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Supreme Court Rejects Holocaust Survivors' Insurance Appeal

Late last month, a group of Holocaust survivors' efforts to have their dispute with an Italian life insurance company heard in court ended in defeat when the U.S. Supreme Court declined to hear their appeal. It was the second time the lead plaintiff had petitioned the Court to appeal his claim. Now it appears that only Congress can act to allow the survivors to sue the insurance company. There they face millions of dollars in insurance company lobbying.

The plaintiff, a doctor from Miami Beach, has tried for years to sue Assicurazioni Generali in Florida state court. His father survived the Holocaust, but his first wife and three children all died in Nazi death camps. After the war, when the plaintiff's father tried to collect on a $50,000 policy, Assicurazioni Generali refused to pay on the claim.

A recent article about the case in the Miami Herald gives some background. The company rejected the claims of thousands more survivors and their descendents. In 1998, an international insurance commission was set up to settle life insurance claims stemming from the Holocaust. However, some claimants did not want to settle for the lowered payments that the commission offered, and sued Assicurazioni Generali in a class action. That suit was settled in 2007, but still left hundreds of policy holders unsatisfied.

The Court did not give an explanation for its decision not to hear the case. According to the Herald article, the justices probably relied on a ruling it gave in 2003 that overturned a California law which required European insurance companies doing business in the state to disclose data about life insurance policies the companies they sold between 1920 and 1945. In its ruling on that case the Court held by a 5-4 vote that the president, not states, held the authority to conduct foreign policy, so that California had overstepped its bounds.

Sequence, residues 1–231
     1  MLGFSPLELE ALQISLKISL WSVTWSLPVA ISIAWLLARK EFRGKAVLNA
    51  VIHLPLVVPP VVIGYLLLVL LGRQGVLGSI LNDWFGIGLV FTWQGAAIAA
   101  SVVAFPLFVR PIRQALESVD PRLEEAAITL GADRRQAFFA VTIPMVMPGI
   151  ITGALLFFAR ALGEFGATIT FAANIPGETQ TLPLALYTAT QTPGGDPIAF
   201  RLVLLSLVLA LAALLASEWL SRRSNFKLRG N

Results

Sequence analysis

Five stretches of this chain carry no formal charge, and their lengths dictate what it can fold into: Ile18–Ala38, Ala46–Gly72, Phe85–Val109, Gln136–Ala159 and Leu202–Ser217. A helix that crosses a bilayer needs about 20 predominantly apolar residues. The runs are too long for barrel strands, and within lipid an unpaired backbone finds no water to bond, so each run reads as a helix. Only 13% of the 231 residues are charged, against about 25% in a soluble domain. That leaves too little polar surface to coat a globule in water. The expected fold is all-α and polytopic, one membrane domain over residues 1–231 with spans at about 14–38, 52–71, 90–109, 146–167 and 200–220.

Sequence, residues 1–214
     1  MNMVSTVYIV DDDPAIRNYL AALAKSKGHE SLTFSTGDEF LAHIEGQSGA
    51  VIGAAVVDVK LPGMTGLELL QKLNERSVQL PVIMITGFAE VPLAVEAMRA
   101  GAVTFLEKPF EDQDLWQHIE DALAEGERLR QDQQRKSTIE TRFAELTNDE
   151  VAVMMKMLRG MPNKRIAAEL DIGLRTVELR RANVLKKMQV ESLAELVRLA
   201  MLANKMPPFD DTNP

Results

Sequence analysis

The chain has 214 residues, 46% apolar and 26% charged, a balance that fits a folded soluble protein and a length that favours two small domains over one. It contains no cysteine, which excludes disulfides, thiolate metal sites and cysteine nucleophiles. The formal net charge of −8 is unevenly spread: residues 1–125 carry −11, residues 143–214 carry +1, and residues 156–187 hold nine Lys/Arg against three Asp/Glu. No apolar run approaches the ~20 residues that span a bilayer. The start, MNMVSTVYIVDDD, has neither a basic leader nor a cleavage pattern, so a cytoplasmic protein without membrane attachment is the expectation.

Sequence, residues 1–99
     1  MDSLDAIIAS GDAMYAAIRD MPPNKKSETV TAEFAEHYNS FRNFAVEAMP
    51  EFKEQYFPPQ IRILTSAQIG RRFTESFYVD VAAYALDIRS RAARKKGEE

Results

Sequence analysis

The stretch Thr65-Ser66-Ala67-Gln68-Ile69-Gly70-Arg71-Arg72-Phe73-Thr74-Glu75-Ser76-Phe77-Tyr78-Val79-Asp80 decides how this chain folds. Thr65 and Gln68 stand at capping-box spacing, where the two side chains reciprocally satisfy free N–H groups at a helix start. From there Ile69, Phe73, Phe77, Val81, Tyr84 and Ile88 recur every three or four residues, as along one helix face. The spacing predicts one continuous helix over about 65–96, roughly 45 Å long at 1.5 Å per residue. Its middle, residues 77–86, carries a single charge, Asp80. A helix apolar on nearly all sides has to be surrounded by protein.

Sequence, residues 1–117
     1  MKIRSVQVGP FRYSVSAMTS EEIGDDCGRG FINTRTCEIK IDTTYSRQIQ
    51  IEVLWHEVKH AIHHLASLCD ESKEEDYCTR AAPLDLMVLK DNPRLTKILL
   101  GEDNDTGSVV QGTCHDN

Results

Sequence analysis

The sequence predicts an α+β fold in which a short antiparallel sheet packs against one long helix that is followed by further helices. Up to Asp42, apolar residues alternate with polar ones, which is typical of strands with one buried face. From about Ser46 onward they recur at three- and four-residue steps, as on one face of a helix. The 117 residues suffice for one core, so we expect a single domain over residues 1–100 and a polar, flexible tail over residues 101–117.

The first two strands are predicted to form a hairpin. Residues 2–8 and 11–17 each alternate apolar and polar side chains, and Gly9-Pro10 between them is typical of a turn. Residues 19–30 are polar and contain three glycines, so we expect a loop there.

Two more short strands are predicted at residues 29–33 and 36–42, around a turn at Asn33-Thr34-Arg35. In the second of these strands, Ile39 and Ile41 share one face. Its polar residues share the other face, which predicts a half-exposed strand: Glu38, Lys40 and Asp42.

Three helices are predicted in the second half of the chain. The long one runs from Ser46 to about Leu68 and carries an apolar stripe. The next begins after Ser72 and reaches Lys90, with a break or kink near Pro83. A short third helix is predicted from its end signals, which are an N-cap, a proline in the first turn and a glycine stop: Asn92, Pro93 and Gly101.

The plaintiff said that he was disappointed by the result, but vowed to continue fighting in every venue he can to get Assicurazioni Generali to pay on his family's policy. U.S. Rep. Ileana Ros-Lehtinen, R-Miami, has said she would push for a bill that would allow survivors to sue the Italian company in American courts. However, insurance industry lobbyists are major players in Washington, financed by millions of dollars from the insurance companies.

Resource: Miami Herald, "Holocaust survivors' appeal turned down," Jay Weaver, November 30, 2010

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